It was an August day, it was gorgeous it was hot and I remember him pushing my gurney into the sunlight and taking the blanket off and just standing there with me for like five minutes, not saying anything and it was one of the most significant things and kindest things I think that anybody had done for me other than saving my life of course. Which I'm grateful for but he really did see the human side of medicine and did something and went out of his way to do something that was really very healing and very helpful to me in my morale. I'm really grateful to him for that. There were so many other great examples, I mean my nurse Erin who is my nurse practitioner, she's been with me from the very beginning and I remember going in with my parents one day and feeling really depressed, I mean I was really down in the dumps and probably hadn't taken a shower in a week and I was sitting in this you know target's sweatsuit.
I had probably worn the same thing for the past week also and my doctor was changing my medication because I had a bad reaction to it and he left the room and I just was completely convinced I was not going to get better and I looked at Erin she was had her back to me at first and I said, Erin will I ever get better and she turned around and she looked at me and I knew that she didn't know what to say that was a sense I got, but she looked right in my eyes and she said yes you will get better.
I really held on to that. I think that words are so important nobody gave me false hope. I mean there was not a lot of encouraging words. When I came out and asked her that question I am so grateful that she did respond that way because I do believe that. I thought if Erin thinks I'll survive, well she must know something that I don't know and I was going to hold on to that. There's so much so many things that people can do that make a huge difference in the way that you as a patient can try to help yourself mentally and emotionally and I was always grateful for that.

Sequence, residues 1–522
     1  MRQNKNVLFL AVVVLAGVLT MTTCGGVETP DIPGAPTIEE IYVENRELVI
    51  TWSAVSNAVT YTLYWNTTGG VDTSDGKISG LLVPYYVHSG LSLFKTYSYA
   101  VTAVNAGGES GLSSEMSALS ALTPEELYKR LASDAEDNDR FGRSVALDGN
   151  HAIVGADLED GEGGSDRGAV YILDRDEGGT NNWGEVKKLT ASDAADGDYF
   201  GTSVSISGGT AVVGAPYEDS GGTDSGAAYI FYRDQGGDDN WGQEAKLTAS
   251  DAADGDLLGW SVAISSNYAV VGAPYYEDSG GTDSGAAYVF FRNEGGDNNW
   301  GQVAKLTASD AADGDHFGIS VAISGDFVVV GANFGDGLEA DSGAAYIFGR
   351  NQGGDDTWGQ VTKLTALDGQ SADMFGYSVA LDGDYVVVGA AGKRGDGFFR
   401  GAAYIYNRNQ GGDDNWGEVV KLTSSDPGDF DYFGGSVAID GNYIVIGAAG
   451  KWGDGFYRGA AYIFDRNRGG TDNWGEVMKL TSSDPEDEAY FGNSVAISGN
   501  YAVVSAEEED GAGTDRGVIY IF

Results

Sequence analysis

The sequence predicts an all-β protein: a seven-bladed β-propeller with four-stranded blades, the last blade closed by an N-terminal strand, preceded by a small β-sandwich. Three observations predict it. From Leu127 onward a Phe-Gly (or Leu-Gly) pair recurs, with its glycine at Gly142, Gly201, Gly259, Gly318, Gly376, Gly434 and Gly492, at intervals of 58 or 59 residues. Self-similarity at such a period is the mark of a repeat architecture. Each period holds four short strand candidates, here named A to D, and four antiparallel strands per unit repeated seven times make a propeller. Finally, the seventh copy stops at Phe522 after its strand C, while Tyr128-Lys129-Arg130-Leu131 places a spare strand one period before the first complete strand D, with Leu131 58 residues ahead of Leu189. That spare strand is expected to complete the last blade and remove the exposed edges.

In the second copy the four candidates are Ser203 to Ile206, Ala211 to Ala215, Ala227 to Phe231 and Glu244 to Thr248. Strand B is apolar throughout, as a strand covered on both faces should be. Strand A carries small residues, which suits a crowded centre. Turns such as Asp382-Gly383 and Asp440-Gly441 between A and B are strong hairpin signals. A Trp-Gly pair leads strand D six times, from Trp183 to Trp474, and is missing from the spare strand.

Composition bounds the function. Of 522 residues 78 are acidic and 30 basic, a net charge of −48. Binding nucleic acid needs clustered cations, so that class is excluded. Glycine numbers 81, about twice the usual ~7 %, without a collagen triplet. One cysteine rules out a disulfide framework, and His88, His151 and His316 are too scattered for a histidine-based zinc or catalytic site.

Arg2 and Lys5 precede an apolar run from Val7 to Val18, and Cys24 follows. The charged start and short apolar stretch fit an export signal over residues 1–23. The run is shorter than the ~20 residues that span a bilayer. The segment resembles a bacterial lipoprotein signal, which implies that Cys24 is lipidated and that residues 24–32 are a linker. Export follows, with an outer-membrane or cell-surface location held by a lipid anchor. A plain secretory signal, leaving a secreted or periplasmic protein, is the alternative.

That's why I say so often to people, it's not only what you say, it's how you say it, our nonverbal matter a lot to patients too. I mean we can tell when somebody's in a while or people aren't getting along and it causes a lot of stress that's really unnecessary. One of the patient's biggest fears is to think that their team is not getting along, because they're not getting along they're not communicating and that is very scary for a patient or a family member to feel that way.
The Key to Excellent Patient Experience
I think communication really is one of the key reasons or key factors and people's experience in making it a better one than what it might be otherwise. So, what you say, how you say it, the way you say things, your facial expressions, your body movements and gestures really do matter to patients and families. All of these things don't take any more time to learn, it's a skill set like any other. There's not a lot of emphasis on this in medical school, which I think is changing but it's a learned skill like any other and I think people can be trained to do this and do it really effectively.